The Story of the Southwest Inn

No one knows yet how it started, Friday’s 5-alarm fire that took out the Southwest Inn and caused the death of 4 Houston firefighters working to put it out — and the hospitalization of 14 others. The investigation, says HFD spokesperson Ruy Lozano, will take time. Meanwhile, much of the attention has shifted to the Sharpstown motel’s rather colorful history.


Located on the Southwest Fwy. between Hillcroft and Bellaire, the motel was once known as the Roadrunner. This is how Harris County prosecutor Murray Newman, who in 2002 and 2003 tried 2 men for a murder that had happened there, describes the place:

The Roadrunner was a courtyard-type hotel that was virtually deserted during daylight hours. At night, the place swarmed with people who lived there permanently and they all had their own economic system of trading sex, drugs, money and violence as a means of existence. The Red Carpet [next door] was no better. It had interior rooms and hallways where the residents would leave the doors open as they smoked crack and had sex. The fact that a prosecutor and investigator were walking down the halls in broad daylight didn’t seem to bother them much.

And this is what Newman later tells the Houston Chronicle:

The thing that kept sticking out at us is that it looked OK from the street. . . . There was a pool and a little playground. A family could stop there and not know any better. They would see the sign for $35 a night and think that was a good place to stop. Then night would come and they would hear the gunshots and scuffling, and they’d see people hanging on every balcony doing all sorts of things. It was wild.

In 2006, it seems that the Roadrunner was sold to an entity controlled by Roger Y. Chen, who hasn’t yet made any public statements about the fire. Soon, the motel was renamed and given some cosmetic updates — a conference room was renovated and WiFi introduced.

But it seems some of the same sordid activity that Newman describes continued to happen: Click2Houston’s Robert Arnold is reporting that, in 2013, police “have been called to the motel 25 times for possible peeping toms, reports of burglaries, thefts, assaults, prostitution, drug use and suspicious people.” And Arnold also reports a string of fire-related violations going back to 2009, the motel and restaurant “cited for problems for expired permits, obstruction of exits, problems with fire suppression systems, non working smoke detectors in several rooms and the motel’s overall fire alarm system. . . . However, the most recent inspection found in HFD’s database was on May 8 of this year and showed ‘no action required.'”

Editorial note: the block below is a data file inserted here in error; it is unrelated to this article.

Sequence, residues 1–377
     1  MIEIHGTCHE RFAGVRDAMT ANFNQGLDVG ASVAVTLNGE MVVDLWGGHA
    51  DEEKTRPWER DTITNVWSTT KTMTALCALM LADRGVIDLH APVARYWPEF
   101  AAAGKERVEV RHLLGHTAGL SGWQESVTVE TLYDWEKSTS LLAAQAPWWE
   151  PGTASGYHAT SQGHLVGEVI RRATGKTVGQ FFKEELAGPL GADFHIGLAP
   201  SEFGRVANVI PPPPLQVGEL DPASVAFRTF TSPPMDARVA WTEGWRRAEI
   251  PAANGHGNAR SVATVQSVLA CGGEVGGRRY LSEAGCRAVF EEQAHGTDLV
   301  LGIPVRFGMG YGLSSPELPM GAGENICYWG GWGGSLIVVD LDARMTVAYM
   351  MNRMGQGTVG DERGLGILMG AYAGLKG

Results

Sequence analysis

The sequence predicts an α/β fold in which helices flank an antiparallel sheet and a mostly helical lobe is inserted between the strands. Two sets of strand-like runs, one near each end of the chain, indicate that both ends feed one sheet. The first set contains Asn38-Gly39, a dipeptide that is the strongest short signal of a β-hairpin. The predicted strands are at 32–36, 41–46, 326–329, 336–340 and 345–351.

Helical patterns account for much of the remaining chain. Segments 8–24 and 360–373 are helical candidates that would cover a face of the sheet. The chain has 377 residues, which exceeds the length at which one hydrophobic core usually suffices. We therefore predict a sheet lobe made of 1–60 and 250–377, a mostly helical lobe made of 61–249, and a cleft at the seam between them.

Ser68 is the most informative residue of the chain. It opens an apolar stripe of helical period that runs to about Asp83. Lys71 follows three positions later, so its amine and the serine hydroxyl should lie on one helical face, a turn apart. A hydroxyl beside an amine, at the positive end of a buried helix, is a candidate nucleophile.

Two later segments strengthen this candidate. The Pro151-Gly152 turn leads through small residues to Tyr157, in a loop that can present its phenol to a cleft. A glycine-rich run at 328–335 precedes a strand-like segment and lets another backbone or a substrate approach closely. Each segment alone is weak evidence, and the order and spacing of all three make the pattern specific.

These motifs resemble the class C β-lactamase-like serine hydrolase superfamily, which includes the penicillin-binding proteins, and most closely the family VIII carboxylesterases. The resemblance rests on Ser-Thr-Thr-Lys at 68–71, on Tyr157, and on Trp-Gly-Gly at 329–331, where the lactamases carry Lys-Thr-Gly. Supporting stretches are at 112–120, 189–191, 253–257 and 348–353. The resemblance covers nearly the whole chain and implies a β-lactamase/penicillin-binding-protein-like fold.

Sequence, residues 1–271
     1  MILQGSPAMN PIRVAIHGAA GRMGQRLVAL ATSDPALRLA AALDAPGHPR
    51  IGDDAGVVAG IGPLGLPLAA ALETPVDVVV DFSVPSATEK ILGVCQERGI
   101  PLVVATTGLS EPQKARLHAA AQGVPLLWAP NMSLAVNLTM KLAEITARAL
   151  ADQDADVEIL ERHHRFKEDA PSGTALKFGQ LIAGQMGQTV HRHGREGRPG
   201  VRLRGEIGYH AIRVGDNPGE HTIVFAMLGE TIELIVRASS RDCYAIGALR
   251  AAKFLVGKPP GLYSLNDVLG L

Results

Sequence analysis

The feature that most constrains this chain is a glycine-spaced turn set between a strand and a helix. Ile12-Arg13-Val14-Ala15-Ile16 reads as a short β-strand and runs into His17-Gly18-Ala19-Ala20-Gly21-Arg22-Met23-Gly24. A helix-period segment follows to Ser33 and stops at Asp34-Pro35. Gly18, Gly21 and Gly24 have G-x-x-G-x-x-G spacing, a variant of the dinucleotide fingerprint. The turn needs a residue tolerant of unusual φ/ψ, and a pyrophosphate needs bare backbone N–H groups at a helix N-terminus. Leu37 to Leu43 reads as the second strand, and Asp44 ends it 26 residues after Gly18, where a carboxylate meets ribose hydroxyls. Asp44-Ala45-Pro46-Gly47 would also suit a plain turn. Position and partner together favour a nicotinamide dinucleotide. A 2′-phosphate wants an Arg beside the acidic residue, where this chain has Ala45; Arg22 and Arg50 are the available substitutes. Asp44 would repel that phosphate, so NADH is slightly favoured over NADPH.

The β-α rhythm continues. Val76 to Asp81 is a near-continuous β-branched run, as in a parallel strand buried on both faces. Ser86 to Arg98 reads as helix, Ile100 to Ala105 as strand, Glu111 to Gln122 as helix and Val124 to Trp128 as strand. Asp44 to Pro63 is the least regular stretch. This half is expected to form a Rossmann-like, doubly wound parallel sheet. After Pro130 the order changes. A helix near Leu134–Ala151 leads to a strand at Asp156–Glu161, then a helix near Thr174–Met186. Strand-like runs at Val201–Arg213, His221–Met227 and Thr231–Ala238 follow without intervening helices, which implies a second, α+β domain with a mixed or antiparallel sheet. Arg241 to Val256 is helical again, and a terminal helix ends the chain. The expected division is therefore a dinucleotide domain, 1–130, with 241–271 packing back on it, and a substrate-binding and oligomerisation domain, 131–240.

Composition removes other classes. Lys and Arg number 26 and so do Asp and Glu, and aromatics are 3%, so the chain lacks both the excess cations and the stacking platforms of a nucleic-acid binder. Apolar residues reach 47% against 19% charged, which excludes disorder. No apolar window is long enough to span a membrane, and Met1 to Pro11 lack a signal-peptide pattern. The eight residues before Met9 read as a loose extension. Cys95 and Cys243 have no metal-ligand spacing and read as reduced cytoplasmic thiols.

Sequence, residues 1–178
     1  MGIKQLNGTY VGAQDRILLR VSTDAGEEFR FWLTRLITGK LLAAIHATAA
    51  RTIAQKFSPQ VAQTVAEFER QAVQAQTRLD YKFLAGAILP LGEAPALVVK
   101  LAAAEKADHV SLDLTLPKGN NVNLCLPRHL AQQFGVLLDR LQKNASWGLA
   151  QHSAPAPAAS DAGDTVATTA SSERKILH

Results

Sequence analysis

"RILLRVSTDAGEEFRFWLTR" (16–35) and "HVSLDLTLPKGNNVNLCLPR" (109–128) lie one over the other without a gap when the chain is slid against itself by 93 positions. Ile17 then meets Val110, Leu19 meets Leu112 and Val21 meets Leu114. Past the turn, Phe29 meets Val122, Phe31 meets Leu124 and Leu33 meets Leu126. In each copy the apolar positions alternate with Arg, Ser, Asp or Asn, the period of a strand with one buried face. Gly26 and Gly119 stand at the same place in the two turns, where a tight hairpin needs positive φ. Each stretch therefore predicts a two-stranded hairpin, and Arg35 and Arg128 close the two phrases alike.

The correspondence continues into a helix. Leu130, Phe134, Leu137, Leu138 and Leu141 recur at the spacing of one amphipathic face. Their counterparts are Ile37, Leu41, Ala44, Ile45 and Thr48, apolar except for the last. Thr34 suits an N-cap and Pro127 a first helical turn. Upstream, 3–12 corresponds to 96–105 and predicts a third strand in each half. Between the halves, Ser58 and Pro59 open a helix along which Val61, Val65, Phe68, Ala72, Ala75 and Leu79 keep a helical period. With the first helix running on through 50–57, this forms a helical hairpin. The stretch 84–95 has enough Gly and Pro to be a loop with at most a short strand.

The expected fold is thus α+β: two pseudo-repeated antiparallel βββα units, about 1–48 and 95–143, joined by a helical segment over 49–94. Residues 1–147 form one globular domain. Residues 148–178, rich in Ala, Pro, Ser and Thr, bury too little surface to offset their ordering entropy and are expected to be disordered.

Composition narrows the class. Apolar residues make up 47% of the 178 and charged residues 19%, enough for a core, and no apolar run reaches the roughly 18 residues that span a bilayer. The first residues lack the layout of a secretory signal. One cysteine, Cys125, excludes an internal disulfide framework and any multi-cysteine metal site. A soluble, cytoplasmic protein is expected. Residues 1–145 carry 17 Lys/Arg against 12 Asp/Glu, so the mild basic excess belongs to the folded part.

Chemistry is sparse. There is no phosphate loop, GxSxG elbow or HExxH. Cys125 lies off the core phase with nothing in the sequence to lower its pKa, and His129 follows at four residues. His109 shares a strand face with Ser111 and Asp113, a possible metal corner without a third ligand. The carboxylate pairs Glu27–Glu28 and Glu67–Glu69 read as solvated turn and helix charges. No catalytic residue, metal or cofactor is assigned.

On Monday, what remained after the fire was torn down by Cherry Demolition. Tomorrow, a memorial service will be held at Reliant Stadium.

Photo: KUHF via Flickr

17 Comment

  • It seems this place was ran under the 3rd world mentality of neglect, cut corners, ignore problems, and hope nothing happens. 9 out of 10 times nothing happens but when something does happen it’s never a small thing, it’s always a catastrophe.

  • That whole area is 3rd world. I hope some serious criminal charges are filed.

  • THANK YOU for the coverage!
    Sadly, buildings like the Southwest Motel are all too common in our City, and especially in lower middle and working class areas. They’re in too good shape to be condemned outright, but they suffer from all sorts of serious problems as a result of long-term deferred maintenance. They’re frequently victims of what I call “pump and dumps” – where a slum lord buys the place, pumps it for every last penny, and then dumps it (sells it to the next sucker). Rarely, if ever, are these places torn down and replaced with something better.
    Contrary to popular belief, places like the Southwest Motel dot’t stay occupied because people don’t have the choice or because they’re cheap. In fact they can be quite expensive. They stay occupied beause they dont ask questions. Anything goes – so they’re attractive “cribs” for criminals and gang bangers. The thugs love them. The slum lords make a killing from them. But they wreck neighborhoods and ruin lives.
    What can be done? We need a multi-faceted approach. Cities in Texas have to fight the problem with one hand tied behind their back, thanks to State laws that heavily favor land owners. Neighbors are wise to approach private interests who have more leeway in buying and tearing down nuisances. And get creative, too. One slum lord, who controlled a condo complex was brought down by the new HOA regulations. We have to bring these guys down, or there will be more shootings, more overdoses, more 5 alarm fires.

  • “And Arnold also reports a string of fire-related violations going back to 2009, the motel and restaurant “cited for problems for expired permits, obstruction of exits, problems with fire suppression systems, non working smoke detectors in several rooms and the motel’s overall fire alarm system. . . . However, the most recent inspection found in HFD’s database was on May 8 of this year and showed ‘no action required.’”

    Of course if HEB wanted the land for another store, well, the fire marshal would have condemned it.